Before I start this week’s installment of Banager’s Lights, I’d like to say a little something.
I’m sick and tired of blogging.
Sorry folks, but I’ve had enough. That’s not to say I’m stopping. I have no plans of quitting. I just would like to vent for a couple seconds…I JUST WANNA BE DONE WITH IT!!!
Ahem…well, now that that’s over with…I present to you chapter three of Banager’s Lights…
The Questions are Killing Me!
As Azen and the Sherasi locked eyes for a couple seconds, boots clanged down the ladder into their little prison. It was the woman who had been with the man at the beginning. Her eyebrows seemed to be stitched on too low, and she stared at them all with too much suspicion.
She broke the silence. “Well, that’s taken care of.”
“Good,” said the Sherasi happily.
“Why is he awake?” she asked, nodding at Azen.
“He’s over the tranquilizer.”
She blinked and headed back up the ladder.
“That was close, eh?” the Sherasi said happily, his eyebrows jumping.
“And Rarawsh,” the woman called down the ladder, “Make sure he doesn’t try anything. Westians, you know…” She finished her ascent to the upper deck.
So his name was Rarawsh. It sounded like an awkward name to pronounce, but Sherasi was an awkward language anyhow. The name was no exception, and no surprise.
Rarawsh sat down again, picked up his knife, and began to fiddle with the apple again. Over the rest of the day, Azen became very used to Rarawsh’s jittery, but confident whittle with the ivory-handled dagger, and his endless supply of both apples, and disappointingly uninformative chatter.
~ ~ ~
“You can’t take me yet!” shouted Mr. Komenk in the dead of night, bolting upright. He fell to the ground again, and glared around the cabin, squinty-eyed.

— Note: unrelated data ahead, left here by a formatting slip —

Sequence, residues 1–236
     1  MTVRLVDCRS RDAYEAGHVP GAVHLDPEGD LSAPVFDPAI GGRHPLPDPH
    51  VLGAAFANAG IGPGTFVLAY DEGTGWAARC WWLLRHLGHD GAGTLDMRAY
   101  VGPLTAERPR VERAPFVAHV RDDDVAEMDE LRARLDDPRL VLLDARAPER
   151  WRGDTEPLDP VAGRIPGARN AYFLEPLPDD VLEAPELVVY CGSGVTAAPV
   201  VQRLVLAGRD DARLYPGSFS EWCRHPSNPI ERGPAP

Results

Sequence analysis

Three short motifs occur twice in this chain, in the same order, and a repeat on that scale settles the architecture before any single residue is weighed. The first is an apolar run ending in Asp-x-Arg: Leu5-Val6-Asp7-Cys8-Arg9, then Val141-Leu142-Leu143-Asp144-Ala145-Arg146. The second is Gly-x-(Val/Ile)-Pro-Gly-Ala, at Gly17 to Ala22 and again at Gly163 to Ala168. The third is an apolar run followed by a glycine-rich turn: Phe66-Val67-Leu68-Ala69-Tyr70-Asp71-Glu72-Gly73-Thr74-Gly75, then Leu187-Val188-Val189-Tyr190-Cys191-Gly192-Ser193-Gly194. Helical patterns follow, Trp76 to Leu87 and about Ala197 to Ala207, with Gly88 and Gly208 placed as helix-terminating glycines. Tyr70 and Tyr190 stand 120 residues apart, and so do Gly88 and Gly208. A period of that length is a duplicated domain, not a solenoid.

Both Rarawsh and Azen were recovering from the deathly start that Mr. Komenk had given them when the newly-awoken prisoner started drilling them. “Are they taking me to Ote-Nigau…Have they found out…?! Who are you?” He addressed Rarawsh, who smiled, amused, and announced his name. “What kind of a name is that? Are we in Sheras? You…Azen…” He grabbed Azen’s sleeve and pulled him close. “Did you see what happened?”
“Tranquilizers, sir,” Azen said respectfully, hoping that Mr. Komenk would not go ballistic when he received this information. “We’re in the machine.”
“The machine…The Andoran machine?”
“Yes, sir,” said Azen.
Mr. Komenk pulled back and eyed his two companions. “Oh. Well then, I suppose we’re not in the danger I thought we were in.”
“We’re on our way to Andora,” Rarawsh informed Mr. Komenk. “You might be in danger after all. But no need to worry about it…if we can unload our load successfully, you’ll return to a fairly normal life.”
There was not much comfort in those words. Perhaps “Fairly” threw the sentence off.
“Well, the questions are killing me,” said Azen. “Can you please tell us everything about this operation?”
“Okay,” Rarawsh settled back and flashed white teeth at his prisoners. “First of all, you’re aboard the—”
“I read the Ansi on the side of the machine,” said Mr. Komenk. “I know what we’re on.”
“The Komenk Flander.”
“What?” Azen drew his eyebrows together. “But Komenk is your name!”
“Yes,” said Mr. Komenk. “And to my knowledge, it’s mine and mine alone, with one frightening exception.”
“What exception?” asked Azen, cut off by Rarawsh’s high-pitched chuckle.
The Sherasi raised an eyebrow at Mr. Komenk and grinned. “That would be Avther Komenk?”
Mr. Komenk snorted, and launched at Rarawsh. Once again, the knife clattered to the floor, as Azen tried to stay away from the confused fight that broke out.